- Good Quality Sesame Oil – Any pickle calls for good quality oil and this recipe is no less. Sesame oil is the number one choice at home for all my pickles.
Let us now look at the recipe, shall we? Promise to make a batch of this and share with me? Shall be waiting! In the meanwhile, Wishing all my readers a very happy Vishu / Tamil Puthandu / New Year. May our lives be filled with good food, love and health! Cheers!
Shall see you all next week as it’s time to gear up for the celebration mode at home!
Recipe for Puli Inji / Kerala Sweet and Sour Ginger Pickle for Sadya
Prep Time 30 minutes
Cook Time 20 to 30 minutes
Serves a bowl of Pickle that can be stored for a month in refrigerator
1 cup is 250ml measurement
- 1 no. Large Lemon Size Tamarind Ball (see the picture)
- 1 1/4th cup Hot water + 1 cup of warm water
- 1/2 heaped cup of finely chopped ginger (125 ml measurement)
- 10 nos. long green chillies (see the pics in method)
- 1/2 cup of roughly chopped jaggery (see the pics in method)
- 1 tsp Turmeric powder
- 1 tsp Red chilli powder
- A generous pinch of asafoetida or hing
- 5 tblsp sesame oil
- 1 1/2 tsp mustard seeds
- 4 whole dry red chillies
- salt to taste
(1) Soak the lemon sized tamarind ball in 1 1/4 cup hot water for atleast 15 minutes and keep aside.
(2) Wash, peel and finely chop the ginger as shown below. Note – Do no discard the peels. Please check the recipe notes at the end.
(3) Wash, pat dry and roughly chop the green chillies as show below.
(4) Squeeze the soaked tamarind and collect the thick liquid.
(5) Now add 1 cup of warm water to the tamarind, repeat the squeezing process to collect some more tangy liquid extract. Strain this and keep aside.
(6) Now heat a pan or kadhai, add oil.
(7) Add mustard seeds to the hot oil and once they crackle, add whole red chillies and some hing.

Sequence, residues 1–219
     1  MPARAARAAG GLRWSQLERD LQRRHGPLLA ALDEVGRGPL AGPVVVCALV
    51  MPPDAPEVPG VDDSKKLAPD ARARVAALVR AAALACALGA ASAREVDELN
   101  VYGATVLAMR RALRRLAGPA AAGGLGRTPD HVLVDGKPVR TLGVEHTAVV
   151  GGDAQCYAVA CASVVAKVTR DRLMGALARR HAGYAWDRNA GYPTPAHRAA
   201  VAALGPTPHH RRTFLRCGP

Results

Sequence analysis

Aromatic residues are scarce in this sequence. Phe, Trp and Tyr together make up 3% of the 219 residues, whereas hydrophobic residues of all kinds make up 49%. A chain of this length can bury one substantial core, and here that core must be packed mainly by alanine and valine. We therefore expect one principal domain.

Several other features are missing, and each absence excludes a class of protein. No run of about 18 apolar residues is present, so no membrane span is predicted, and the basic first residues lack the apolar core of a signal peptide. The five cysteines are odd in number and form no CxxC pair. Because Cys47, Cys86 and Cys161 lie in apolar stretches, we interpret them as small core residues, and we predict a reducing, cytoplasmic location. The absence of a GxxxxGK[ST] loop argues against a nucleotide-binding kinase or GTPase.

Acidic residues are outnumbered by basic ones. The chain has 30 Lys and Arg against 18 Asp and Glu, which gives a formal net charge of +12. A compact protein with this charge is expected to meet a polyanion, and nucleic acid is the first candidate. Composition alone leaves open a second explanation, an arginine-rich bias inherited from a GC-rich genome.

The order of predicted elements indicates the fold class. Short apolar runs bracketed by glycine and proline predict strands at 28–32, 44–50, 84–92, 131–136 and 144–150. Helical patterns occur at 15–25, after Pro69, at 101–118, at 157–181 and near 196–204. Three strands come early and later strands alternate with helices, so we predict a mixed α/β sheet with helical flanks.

(8) Now add the finely chopped ginger or adrak and saute this on low heat until the ginger slightly softens (say 3 to 5 minutes).
(9) Add the green chillies and saute well for another 2 to 3 minutes.
(10) To the ginger and green chillies mixture, add the strained tamarind pulp.
(11) Add a tsp of turmeric powder and red chilli powder and stir everything well. Add salt to taste.
(12) Now let this simmer on low heat until the raw tamarind smell vanishes and the liquid volume slightly reduces. This takes about 10 to 15 minutes on low flame. PS – Keep stirring this every now and then.
(13) Once the raw smell has vanished, add the jaggery and stir well.
(14) The pickle will slowly start to thicken with the jaggery melting and providing the caramelized texture.
(15) Now is also a good time to check salt and add more if required.
(16) Keep stirring the pickle at regular interval until it has become thick and sort of deep dark caramel texture.
(17) Switch off the flame and allow it to cool completely before transferring to a clean, dry glass jar with a tight lid.
(18) Keep this refrigerated for a month or more.
Store the Ginger peels in an air tight box and use it to infuse water, adrak / ginger tea etc. It has amazing health benefits and especially good for your stomach during summers. The peels stay good in the refrigerator for a week in an airtight box.